Executive Resumes, Personal Branding & Executive Job Search

What Executive Recruiters Want

Posted by Tyrone Norwood

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Mar 21, 2011 2:15:00 PM

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I had a chance this past week to hear a presentation by an executive recruiter at the Career Thought Leaders Conference in Baltimore. I interviewed him afterwards to learn more about what he is looking for in resumes, candidates, and careers. Here's what I found out:

  • Values are important: how someone feels about work-life balance, family, work, relocation, etc.
  • A culture match with the target company is critical.
  • He wants to know how someone goes about achieving their (quantifiable) accomplishments.
  • Putting "consulting" in to cover recent work periods is a red flag; it's usually a cover for unemployment. He'd rather see worthwhile volunteer work listed.
  • Recruiters look for candidates who are currently working in a similar role and industry - not people who are currently unemployed, underemployed, or part-time consulting.
  • A pattern of ever-increasing levels of responsibility and achievements over the course of a career is what he looks for.
  • It's harder to get a job now, because the Internet has increased competition and enabled recruiters to find ever closer matches to their ideal candidate.
  • Transitioning as a business owner/founder/CEO to a c-level role within a company's org chart is possible, but only it there is a steady record of relevant and outstanding accomplishments in the same industry.

What does he recommend that candidates do when there is no possibility of recruiter recommendation? In the case of smaller companies, he suggests approaching the CEO and members of the Board of Directors and perhaps the venture capital firm that has capital in the business.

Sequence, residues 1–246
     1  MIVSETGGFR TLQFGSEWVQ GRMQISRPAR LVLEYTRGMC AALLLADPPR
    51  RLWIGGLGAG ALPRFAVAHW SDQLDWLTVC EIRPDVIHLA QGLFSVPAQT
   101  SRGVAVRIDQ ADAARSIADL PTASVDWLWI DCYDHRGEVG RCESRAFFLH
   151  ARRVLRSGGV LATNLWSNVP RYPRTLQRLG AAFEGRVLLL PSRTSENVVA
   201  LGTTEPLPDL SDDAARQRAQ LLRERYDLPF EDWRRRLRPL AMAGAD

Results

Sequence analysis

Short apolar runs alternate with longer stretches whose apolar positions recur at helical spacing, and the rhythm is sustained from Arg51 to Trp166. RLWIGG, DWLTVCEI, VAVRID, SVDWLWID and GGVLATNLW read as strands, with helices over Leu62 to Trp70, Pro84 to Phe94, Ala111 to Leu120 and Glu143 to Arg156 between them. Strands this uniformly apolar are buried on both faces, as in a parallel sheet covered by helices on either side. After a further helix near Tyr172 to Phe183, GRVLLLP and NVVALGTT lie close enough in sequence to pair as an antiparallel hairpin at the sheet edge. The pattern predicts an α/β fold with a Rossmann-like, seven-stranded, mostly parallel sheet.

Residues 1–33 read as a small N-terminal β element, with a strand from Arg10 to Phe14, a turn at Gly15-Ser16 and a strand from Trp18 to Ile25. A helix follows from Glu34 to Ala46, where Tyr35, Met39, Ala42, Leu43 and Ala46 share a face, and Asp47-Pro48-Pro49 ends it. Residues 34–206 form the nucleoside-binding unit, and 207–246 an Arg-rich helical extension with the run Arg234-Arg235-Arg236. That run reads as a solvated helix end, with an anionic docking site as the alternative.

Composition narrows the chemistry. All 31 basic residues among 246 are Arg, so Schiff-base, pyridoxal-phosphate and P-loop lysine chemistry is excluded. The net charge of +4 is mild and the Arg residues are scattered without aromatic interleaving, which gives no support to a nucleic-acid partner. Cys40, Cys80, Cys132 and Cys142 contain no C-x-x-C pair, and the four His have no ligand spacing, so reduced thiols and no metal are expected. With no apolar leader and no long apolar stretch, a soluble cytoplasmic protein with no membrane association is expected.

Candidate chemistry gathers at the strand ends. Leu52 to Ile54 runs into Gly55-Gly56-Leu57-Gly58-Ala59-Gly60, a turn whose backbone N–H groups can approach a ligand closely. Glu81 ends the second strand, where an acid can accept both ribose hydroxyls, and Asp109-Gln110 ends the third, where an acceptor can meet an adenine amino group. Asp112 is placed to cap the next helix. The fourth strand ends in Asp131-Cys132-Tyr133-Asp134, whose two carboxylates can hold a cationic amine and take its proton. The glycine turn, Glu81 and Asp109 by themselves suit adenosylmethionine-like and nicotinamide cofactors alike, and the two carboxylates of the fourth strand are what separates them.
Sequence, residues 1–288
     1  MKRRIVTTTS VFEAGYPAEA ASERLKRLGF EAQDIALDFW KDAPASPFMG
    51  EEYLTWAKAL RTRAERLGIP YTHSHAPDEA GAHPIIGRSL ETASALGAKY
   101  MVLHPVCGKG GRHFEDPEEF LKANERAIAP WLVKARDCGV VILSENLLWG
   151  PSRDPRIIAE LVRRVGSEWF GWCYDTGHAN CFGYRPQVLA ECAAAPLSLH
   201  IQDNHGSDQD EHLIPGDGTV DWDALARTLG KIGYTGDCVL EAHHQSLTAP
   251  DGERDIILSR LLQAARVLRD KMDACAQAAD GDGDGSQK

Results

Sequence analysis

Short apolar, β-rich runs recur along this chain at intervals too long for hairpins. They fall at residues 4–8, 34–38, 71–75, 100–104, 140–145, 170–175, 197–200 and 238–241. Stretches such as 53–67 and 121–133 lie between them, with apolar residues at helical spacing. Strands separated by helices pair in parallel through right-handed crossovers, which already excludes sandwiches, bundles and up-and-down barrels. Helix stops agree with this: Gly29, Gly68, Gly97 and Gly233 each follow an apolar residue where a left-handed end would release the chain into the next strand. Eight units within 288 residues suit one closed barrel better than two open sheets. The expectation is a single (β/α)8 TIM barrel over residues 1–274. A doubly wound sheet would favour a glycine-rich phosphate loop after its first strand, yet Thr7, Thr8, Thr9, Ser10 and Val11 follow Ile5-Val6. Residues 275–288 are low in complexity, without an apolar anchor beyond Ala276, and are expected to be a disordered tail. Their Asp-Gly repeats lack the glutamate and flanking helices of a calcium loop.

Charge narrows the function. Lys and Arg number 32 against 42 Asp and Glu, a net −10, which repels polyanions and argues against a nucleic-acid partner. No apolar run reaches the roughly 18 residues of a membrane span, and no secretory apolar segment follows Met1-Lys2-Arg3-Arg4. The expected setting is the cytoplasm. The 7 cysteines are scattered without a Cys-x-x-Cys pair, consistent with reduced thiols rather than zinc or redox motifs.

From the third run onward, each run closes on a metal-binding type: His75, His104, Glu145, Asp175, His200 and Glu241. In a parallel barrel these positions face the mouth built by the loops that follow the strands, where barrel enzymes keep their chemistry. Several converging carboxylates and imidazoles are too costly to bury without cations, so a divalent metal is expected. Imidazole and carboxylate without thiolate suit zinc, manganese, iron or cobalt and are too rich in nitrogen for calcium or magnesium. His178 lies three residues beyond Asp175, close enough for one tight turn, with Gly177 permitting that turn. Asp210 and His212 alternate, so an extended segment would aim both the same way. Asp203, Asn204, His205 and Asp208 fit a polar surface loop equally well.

The take-away for executive resumes, executive job search, and executive careers?

- Be very careful about your career progression, including downsizing from a large company to a startup or early-stage company.

- If you switch industries, have it be part of a long-term strategic plan for your career. You may not be able to return to your earlier one.

- Think twice about gaps in your work history. If necessary, fill the time with worthwhile volunteer work where you can use your professional skills to deliver real results.

- Don't count on executive recruiters being interested in you if your background is not fairly standard for the target position - including your having held a similar role for a competitor in the same industry.

That last point eliminates a large percentage of job seekers from using the recruiter channel to get a job. Hence, there is a high priority placed on leveraging 2.0 networking and advanced job search methods to get a job, such as I wrote about in Turbocharged Networking for $100K+ Jobs.

The new age of competition is a daunting one, but:

- the economy is picking up

- there may well be a labor shortage as the baby boomers gradually leave the workforce

- and savvy executive job seekers can learn how to get in front of a hiring authority more easily than before.

Never has it been more important to establish, build, and promote your personal brand as it evolves over a lifetime and strategically and proactively manage your career!

Topics: personal branding, reputation management, career services, Get a Job, executive resumes, CIO resumes, Online ID, career management, career planning, executive recruiters

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Tyrone Norwood